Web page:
Engineers from Iowa State University have taken one giant step forward in the development of self-destructing technology that could help keep military secrets out of the hands of the enemy, or eliminate the need to surgically remove temporary medical devices from patients.
Also known as transient devices, such technology could also be used in environmental monitors that could simply dissolve when exposed to rain, and now ISU mechanical engineering professor Reza Montazami and his colleagues have developed a battery suitable for use in such devices.
According to Engadget and BBC News, his team’s battery is capable of delivering enough power to operate a desktop calculator for 15 minutes – and is encased in a degradable polymer composite that swells and dissolves 30 minutes after being exposed to water. Montazami is hailing the breakthrough as the first practical transient battery ever created.
The battery, which is detailed in research published recently in the Journal of Polymer Science, Part B: Polymer Physics, is 5 mm long, 1 mm thick and 6 mm wide. It is similar to traditional batteries in terms of structure and electrochemical reactions. However, because it is made from lithium-ion, it currently cannot be used in devices designed to be implanted in humans – a flaw that researchers are hoping to ultimately correct in future versions of the transient battery.
Montazami and his co-authors noted that their work is at the proof-of-concept stage, and that a battery capable of powering more sophisticated electronic equipment is still a long ways off, as they need to determine how to create larger, higher capacity versions of batteries with complex structures and multiple layers while also attempting to reduce the amount of time it would need to self-destruct. An array of multiple smaller batteries may be the key.
So how does this self-destructing battery work, anyway?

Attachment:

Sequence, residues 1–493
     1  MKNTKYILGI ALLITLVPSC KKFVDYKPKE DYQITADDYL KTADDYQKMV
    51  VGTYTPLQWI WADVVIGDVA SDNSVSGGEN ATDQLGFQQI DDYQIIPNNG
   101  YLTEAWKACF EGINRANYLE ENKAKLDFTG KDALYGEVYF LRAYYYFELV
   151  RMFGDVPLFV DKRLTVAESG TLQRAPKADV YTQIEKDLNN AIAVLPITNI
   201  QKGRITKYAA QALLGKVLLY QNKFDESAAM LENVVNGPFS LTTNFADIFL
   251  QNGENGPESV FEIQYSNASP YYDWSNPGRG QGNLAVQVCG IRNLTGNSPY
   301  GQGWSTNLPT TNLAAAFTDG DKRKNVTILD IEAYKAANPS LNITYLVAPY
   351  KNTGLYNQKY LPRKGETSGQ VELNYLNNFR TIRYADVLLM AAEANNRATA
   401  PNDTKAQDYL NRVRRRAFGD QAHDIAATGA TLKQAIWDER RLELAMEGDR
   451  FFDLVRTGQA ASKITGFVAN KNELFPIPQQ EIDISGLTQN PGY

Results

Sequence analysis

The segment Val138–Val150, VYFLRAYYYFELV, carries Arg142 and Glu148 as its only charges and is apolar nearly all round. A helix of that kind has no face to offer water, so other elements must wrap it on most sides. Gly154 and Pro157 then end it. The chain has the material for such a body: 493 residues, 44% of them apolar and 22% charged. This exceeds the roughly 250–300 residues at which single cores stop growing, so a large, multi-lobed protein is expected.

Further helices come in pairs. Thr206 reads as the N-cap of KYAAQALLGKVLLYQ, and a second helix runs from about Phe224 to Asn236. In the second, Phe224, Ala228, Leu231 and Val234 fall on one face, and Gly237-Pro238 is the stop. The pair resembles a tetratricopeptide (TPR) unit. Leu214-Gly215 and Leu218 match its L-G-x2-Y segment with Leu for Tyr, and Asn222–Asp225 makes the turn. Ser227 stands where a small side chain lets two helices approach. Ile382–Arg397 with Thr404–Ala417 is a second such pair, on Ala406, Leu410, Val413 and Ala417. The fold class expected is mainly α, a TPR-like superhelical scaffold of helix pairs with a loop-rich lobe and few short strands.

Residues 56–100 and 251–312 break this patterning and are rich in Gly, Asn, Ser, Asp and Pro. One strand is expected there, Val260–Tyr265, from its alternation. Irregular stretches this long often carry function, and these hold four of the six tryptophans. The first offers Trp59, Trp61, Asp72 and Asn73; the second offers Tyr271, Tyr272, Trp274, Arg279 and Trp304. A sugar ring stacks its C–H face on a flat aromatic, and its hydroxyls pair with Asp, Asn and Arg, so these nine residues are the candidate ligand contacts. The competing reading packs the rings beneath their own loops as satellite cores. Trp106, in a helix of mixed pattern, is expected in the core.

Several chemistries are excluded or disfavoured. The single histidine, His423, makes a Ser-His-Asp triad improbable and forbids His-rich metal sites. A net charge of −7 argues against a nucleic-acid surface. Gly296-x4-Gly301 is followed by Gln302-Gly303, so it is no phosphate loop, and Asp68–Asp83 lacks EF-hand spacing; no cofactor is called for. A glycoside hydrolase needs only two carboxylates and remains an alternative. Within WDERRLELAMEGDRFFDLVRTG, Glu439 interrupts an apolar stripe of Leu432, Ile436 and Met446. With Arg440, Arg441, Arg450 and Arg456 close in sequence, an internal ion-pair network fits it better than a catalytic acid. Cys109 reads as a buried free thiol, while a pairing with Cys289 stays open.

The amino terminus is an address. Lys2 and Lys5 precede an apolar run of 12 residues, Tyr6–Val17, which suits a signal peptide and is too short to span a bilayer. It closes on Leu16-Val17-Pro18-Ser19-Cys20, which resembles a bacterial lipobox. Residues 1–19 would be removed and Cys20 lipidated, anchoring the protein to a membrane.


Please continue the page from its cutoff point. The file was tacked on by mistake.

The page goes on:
According to BBC News, the dissolving battery contains an anode, a cathode, and an electrolyte separator sandwiched within two layers of polyvinyl alcohol-based polymer. When it is exposed to water, its polymer casing starts to swell, breaking apart the electrodes and causing it to dissolve – but not completely, as the battery contains nanoparticles that do not degrade.
“Unlike conventional electronics that are designed to last for extensive periods of time,” the ISU mechanical engineering professor and his co-authors explained, “a key and unique attribute of transient electronics is to operate over a typically short and well-defined period, and undergo fast and, ideally, complete self-deconstruction and vanish when transiency is triggered.”
While developing the new battery, Montazami said that his team faced three major challenges. First, they wanted to develop a battery that could produce voltages close to the same level as a commercial battery, as many devices will not function is voltage output is low or unsteady. The next challenge, he explained in a statement, was to simulate the complex, multilayered structure of regular batteries, and the final one was to actually fabricate the power sources, which he said took several attempts due to the high degree of difficulty.
The result is a unit that self-destructs 1,000 times faster than previous attempts at such a battery, according to IEEE Spectrum, while delivering twice the voltage of prior transient power sources. “This is a battery with all the working components,” Montazami said in a statement, adding that it is “much more complex than our previous work with transient electronics.”
Image credit: Ashley Christopherson